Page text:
Driving usage for online subscription products or SaaS offerings makes the difference between long-term success and a slow, painful failure. Savvy publishers are therefore spending more and more time and money to ensure the kind of heavy usage that leads to strong renewal rates and a truly sustainable business.
Usage is primarily a function of easy-to-use interfaces and how necessary the product is (is it “must-have” or “nice-to-have”?). Most products, of course, exist in a middle ground. They’re fairly easy to use, fairly necessary, and fairly well-used. This means most users can benefit from user training and support services.
In my days as Director of Account Services at Hoover’s, we saw that product usage correlated with renewals, especially for accounts in their first year. We found was user behavior typically locked in at 90 days after start of service. For clients engaged during that initial period, attrition was lower. We launched an entire customer success team focused on white-glove care for the initial 90 days. This team welcomed the customer, trained them on the product, and focused on solving real customer issues. The result: first year renewal rates jumped more than 20%!
At Information Evolution, many of our clients recognize the need to help customers early on in their lifecycle. One in particular has built an entire department focused on driving usage. Not only were they successful in driving up renewal rates, they significantly increased the pipeline of their most valuable type of prospects – referrals.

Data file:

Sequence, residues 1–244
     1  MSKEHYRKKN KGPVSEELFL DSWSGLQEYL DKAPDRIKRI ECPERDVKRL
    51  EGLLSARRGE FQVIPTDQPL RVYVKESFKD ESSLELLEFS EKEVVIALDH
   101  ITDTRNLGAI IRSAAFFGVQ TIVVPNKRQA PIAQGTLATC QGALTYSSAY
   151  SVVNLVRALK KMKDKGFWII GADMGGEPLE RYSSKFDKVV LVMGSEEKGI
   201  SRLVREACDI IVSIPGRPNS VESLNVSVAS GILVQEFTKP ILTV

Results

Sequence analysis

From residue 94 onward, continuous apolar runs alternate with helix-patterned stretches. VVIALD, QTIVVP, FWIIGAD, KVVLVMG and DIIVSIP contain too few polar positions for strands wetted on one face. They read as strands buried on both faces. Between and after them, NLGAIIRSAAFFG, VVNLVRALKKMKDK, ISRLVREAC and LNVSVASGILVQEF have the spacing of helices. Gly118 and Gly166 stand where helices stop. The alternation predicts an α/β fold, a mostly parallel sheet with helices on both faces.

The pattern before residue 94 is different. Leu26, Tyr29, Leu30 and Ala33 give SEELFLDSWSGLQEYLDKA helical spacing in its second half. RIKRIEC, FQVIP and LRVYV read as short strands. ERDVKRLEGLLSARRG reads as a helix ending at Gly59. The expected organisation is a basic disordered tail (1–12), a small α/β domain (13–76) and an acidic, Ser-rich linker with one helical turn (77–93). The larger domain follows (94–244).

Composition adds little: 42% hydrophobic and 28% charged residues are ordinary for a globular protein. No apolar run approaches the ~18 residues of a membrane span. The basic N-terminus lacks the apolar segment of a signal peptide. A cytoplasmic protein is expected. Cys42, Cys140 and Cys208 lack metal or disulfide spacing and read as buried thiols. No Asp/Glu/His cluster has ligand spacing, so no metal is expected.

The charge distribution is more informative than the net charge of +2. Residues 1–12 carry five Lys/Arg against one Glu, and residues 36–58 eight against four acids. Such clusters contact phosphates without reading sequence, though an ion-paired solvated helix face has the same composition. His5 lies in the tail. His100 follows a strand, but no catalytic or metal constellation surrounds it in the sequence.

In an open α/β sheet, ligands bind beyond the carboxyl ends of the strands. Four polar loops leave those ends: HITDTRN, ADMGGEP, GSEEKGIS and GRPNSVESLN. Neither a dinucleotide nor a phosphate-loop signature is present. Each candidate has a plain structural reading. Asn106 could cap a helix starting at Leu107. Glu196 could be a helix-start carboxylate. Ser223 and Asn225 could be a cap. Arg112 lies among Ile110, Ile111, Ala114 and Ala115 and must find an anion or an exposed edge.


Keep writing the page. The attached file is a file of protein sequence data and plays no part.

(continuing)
Whether you are trying to bolster renewal rates, upsell, or increase referrals, engaging your customers one-on-one can pay big dividends. Hand-written welcome letters, assigned account managers, and monitoring early behavior are great ways to drive engagement. People are busy and tend not to want “training,” but they’ll be glad if you help solve a practical problem they have. Focus your training on solving real problems and you’ll take a big step in engaging your clients.
There’s an added benefit to this type of deep customer engagement. Issues with interfaces, process flows, and even content offerings soon become obvious to the client success team. They can pass this information to the product team so versions 2.0, 3.0, etc. really make the product progressively better.